RIM (Blackberry) continues to face hard times. Along with last year's Playbook fiasco, it is now losing interest from content providers such as the New York Times, and it's long awaited Blackberry 10 operating system being a bit too much of a wait, I don't see Blackberry holding on much longer.
If you have been reading the DVD Catalyst newsletter for a while, you know that the Playbook, is still one of my favorite devices. I love the size, the screen is amazing, the off-screen swiping is simply genius and the build-quality (aside from a near useless power button) is worthy of its original price, but it just lags behind with everything else. For someone like me, who mainly uses it with their own content, videos mainly, along with content accessible through the browser, it doesn't really matter what apps are available for it. If I really want to use a particular app, I have a variety of Android and iOS devices within reach, but as a stand-alone device, it just doesn't offer much beyond the basics. It really needs apps like the New York Times to provide additional functionality to make it stand out.
With all the problems RIM is facing, I can see them stopping with hardware and OS development all together, and continue as a software company providing their more popular apps on the other platforms, such as iOS, Android and Windows Phone.
Amazon is preparing for release of their new Kindle line of products. Aside from new models, such as a backlight-Kindle, I'm sure we can see a few new Kindle Fire models. Last year there were already rumors regarding a larger (10") Kindle Fire, which might come to fruit this year. Of course, with the Nexus 7 and a (possible) iPad Mini looming around the corner, I'm sure there will be a higher-specced Kindle Fire 2, quad-core, more memory (hopefully a memorycard slot this time) with a higher resolution.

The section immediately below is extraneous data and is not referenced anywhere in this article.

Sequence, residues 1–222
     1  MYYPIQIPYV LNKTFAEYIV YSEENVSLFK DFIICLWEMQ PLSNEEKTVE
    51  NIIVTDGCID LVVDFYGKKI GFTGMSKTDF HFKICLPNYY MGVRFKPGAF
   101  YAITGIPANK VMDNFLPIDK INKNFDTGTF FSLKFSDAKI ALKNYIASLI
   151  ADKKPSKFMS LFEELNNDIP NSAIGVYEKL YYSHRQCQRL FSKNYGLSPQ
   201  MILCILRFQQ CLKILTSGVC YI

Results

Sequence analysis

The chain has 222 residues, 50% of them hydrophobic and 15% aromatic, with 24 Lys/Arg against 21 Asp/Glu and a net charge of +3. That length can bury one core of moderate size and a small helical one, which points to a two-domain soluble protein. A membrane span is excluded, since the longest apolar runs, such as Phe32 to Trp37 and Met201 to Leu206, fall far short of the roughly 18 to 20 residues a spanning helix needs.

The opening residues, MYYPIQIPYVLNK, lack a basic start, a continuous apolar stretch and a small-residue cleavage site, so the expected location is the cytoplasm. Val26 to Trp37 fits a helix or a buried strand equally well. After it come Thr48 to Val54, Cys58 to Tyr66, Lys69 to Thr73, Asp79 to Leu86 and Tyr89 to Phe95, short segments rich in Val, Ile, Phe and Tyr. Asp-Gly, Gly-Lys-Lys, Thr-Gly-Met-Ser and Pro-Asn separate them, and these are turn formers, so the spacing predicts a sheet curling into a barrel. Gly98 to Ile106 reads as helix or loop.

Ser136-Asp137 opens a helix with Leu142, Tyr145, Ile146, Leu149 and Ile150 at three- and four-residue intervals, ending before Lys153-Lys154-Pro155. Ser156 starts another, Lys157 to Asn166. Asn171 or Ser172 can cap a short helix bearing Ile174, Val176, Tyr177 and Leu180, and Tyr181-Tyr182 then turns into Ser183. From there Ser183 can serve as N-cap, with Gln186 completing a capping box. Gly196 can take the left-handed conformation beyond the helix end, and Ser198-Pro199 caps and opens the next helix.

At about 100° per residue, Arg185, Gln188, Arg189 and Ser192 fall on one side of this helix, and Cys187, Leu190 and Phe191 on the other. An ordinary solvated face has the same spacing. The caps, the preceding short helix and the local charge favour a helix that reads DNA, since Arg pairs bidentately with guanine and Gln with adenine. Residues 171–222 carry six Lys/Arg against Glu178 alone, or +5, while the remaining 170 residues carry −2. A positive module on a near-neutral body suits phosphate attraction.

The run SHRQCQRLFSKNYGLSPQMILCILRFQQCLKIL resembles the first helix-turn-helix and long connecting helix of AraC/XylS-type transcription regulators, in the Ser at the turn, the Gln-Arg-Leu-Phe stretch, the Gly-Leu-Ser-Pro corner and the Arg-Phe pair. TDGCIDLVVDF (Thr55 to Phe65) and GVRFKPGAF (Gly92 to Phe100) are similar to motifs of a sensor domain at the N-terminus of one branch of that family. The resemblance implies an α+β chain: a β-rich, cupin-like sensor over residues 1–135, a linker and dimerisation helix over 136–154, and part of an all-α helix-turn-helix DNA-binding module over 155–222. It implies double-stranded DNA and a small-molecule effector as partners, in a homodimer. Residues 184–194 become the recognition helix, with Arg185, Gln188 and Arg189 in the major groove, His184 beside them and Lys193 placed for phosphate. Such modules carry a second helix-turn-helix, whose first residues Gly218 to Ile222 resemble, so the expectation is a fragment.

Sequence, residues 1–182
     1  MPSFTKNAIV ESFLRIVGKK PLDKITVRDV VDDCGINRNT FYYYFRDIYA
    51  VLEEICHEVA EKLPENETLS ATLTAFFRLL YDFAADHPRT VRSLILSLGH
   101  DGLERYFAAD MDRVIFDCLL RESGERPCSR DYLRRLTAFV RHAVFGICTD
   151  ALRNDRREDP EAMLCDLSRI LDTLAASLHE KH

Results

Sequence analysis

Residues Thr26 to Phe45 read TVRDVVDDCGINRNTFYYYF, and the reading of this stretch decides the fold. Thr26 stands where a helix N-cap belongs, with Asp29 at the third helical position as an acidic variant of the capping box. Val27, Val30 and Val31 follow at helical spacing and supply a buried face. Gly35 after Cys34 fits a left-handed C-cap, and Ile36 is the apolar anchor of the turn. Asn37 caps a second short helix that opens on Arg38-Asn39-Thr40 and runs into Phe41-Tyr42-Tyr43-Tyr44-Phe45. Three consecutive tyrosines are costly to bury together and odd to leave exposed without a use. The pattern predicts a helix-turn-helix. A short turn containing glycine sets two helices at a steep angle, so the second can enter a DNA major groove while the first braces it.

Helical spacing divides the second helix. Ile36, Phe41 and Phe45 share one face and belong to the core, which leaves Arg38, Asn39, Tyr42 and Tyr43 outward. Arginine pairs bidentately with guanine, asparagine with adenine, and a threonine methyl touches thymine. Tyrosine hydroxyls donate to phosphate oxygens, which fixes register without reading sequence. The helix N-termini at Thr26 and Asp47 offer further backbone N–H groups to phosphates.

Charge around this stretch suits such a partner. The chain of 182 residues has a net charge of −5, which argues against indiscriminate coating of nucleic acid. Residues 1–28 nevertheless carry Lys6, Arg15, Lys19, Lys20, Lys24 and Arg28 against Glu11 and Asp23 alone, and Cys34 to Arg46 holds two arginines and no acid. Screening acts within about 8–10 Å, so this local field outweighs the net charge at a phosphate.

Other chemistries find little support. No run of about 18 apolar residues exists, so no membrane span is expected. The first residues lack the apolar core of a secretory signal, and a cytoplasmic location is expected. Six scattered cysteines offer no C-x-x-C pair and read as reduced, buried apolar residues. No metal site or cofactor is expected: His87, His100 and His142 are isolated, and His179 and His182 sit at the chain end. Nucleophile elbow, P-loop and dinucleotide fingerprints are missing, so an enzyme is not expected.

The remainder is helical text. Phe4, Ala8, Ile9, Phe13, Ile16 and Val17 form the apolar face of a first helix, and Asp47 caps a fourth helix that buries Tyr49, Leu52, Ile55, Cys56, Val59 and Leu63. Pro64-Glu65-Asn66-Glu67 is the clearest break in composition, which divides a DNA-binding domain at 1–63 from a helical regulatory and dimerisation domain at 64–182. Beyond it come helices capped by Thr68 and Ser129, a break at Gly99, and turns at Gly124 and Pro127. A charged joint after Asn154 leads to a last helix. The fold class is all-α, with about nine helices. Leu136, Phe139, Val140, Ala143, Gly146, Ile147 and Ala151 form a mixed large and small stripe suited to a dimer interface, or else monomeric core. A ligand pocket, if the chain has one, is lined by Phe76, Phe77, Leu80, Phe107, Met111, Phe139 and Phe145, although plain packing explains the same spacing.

Madfinger Games, developer of popular shooter games for Android, decided to change the pricing of their most recent game, Dead Trigger, to free due to a claim regarding piracy of the app.
Personally, I think there is a bit more behind it than just that. Of course piracy sucks. For a developer to see the application you have been working on for years being made available for free on a variety of different websites is just depressing, however, many games these days focus too much on in-app purchases, which skews things a bit. For a trial-version to charge for additional levels is one thing, but charging for a game that basically requires you to spend additional cash to be able to finish the game is something else.
Of course, looking at the large amount of complaints in the review section of Dead Trigger on Google Play regarding people purchasing the game for $1 when it came out a few weeks ago, and now the game is available for free also provides an interesting look on things as well.
I can understand that people are not too pleased with the decision of making the game free now, but some of the comments make it sound like these people spent their full monthly allowance on the game, rather than the $1 they actually paid for it.
I remember the days of when the Apple Appstore launched, and games were still closer to the $10 mark, but now, it seems hell breaks loose if a $1 app becomes free.
Unfortunately, it is quite sad when people see the need to pirate a $1 app, but anything with a price gets pirated. I see it with my own apps, plenty of "DVD Catalyst Retail TE" versions on torrent sites, MovieGallery on "free app download" sites etc, it sucks, but there isn't anything that can be done about it. Of course there are protection systems in place that are intended to eliminate piracy, but all they do is make it a little more trickier for the "release groups" to "crack" the app. None are safe, and no matter what a developer tries to do against it, if people want it hard enough, it will always end up being pirated.